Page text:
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This series of articles is a summary of observations and experiments made throughout that time. First things first, though: Date pickers are often considered to be a foolproof component for date selection — predictable, consistent, generic — and so more often than not, we use them just because they seem to be a universally accepted pattern for date input.
Now, there are situations where date pickers are extremely helpful, and there are situations where they just slow users down. Our job, then, is to carefully study our own scenarios and figure out an optimal way to frame the question of time and date to help users provide the input quickly and easily.
But what if we set a budget on the date input as at most two taps? Three taps for a date range? Five taps if we bring a time slot into the game as well? And more often than not, all such websites tend to use the same jQuery implementation, plugged into the UI a while back and happily forgotten ever since.
However, it might not be the best option for your particular case. The main question we should ask ourselves first is what problem and in which context exactly are we solving and how can a date picker help there or, more specifically, what kind of a date picker would help users move forward in completing their task seamlessly.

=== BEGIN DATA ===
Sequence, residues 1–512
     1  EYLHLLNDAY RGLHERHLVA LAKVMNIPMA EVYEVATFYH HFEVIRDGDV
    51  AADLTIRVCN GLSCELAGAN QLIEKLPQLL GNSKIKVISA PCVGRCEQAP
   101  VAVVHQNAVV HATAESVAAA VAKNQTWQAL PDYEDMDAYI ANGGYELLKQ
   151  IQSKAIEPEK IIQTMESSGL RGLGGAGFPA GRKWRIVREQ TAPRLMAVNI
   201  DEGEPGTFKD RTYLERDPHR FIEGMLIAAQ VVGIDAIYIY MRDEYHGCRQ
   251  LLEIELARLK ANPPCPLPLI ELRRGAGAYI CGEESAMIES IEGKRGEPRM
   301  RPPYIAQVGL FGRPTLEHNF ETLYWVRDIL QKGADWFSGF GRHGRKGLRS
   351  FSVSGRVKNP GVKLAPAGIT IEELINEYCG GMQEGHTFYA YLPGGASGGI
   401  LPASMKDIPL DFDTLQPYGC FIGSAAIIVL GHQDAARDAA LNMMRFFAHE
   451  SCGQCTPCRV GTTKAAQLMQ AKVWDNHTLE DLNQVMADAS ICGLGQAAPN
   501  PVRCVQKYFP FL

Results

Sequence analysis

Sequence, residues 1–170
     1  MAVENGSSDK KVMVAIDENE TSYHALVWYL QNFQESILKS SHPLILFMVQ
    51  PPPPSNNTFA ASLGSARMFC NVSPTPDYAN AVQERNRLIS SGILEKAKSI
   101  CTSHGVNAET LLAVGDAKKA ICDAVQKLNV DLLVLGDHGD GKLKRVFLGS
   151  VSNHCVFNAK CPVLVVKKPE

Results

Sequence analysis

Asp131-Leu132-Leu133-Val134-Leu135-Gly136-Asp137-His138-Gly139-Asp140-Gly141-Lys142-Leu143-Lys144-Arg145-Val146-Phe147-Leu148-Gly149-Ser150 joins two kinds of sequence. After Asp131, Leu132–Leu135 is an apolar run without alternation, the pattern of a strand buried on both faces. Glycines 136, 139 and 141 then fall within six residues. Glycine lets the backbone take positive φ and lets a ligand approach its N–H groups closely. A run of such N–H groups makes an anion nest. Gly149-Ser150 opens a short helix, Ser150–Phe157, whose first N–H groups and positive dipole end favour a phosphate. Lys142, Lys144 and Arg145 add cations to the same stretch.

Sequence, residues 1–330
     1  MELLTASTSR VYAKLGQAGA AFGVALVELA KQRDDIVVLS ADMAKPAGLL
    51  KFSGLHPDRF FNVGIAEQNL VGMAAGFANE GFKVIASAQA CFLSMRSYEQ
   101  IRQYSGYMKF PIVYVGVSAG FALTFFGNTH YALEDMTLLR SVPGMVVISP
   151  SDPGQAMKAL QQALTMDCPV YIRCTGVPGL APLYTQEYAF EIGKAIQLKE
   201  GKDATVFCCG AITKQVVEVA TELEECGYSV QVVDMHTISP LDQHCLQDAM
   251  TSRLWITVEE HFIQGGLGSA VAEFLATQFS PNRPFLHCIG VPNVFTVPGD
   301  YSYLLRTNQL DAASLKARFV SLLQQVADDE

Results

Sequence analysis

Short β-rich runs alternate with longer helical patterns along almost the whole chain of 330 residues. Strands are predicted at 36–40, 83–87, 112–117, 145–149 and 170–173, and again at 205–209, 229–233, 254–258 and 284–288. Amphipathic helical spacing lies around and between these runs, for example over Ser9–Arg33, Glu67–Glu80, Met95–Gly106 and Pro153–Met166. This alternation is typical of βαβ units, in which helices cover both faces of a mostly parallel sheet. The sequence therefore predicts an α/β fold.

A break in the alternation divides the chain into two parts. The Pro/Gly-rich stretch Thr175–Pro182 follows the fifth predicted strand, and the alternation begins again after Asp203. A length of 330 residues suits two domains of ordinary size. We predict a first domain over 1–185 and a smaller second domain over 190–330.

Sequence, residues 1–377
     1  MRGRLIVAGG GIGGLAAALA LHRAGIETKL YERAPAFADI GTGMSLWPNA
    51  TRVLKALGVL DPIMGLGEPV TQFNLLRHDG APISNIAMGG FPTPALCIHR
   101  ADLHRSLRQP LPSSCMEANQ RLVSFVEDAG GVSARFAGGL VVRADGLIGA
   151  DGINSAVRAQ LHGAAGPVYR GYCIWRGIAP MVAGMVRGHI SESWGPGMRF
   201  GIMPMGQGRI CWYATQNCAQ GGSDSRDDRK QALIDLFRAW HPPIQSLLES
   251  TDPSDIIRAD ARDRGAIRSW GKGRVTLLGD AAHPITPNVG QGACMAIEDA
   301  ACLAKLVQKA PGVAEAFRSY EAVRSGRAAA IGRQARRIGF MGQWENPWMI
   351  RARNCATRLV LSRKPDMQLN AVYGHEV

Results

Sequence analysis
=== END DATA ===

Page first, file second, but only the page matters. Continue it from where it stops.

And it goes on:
Is it enough to know just one day, or do you need a date range? There are also ways to integrate both the day and time selection in one single component. We want the date to be chosen as quickly as possible, and being able to set the date with two taps tap to open the calendar, and tap to pick a day would be much easier than dealing with three separate input fields. All right, then. Especially in interfaces where the date input can vary a lot such as with passport expiry dates , typing the value instead of endlessly tapping through years and months just sounds more reasonable, right?
Well, numerical input has to be reliable enough to manage all kinds of edge cases — and there are plenty of them. Watch out for the day on which the week starts. Being reliable also means being forgiving. Now, how would users type in the data when encountering that numerical input?
Other users will play it safe and type in 03 and 01 explicitly. Still others will try to include a separator sign in either of these inputs. Some users will try to increment the value by using the up and down arrows in the input fields. And some users will choose to tab through the fields when typing in the date. Oh, what a nightmare it is for inline validation! Why do users do this? Mostly because they have been burned in the past — by clunky interfaces whose data input was designed poorly, resulting in a frustrating experience of going back and forth — for example, seeing an incorrectly interpreted input, then hitting a tiny day or month selection input to correct it, but ending up resetting the other input as a result.
Keep the date format suggestion in the placeholder when the user activates the input field. Keep the delimiters and placeholders displayed as the users manually inputs the date. Numerical input matters in cases where the range of input varies widely — potentially spanning years, such as visa validity dates, or accounting for predictable input, such as birthday dates.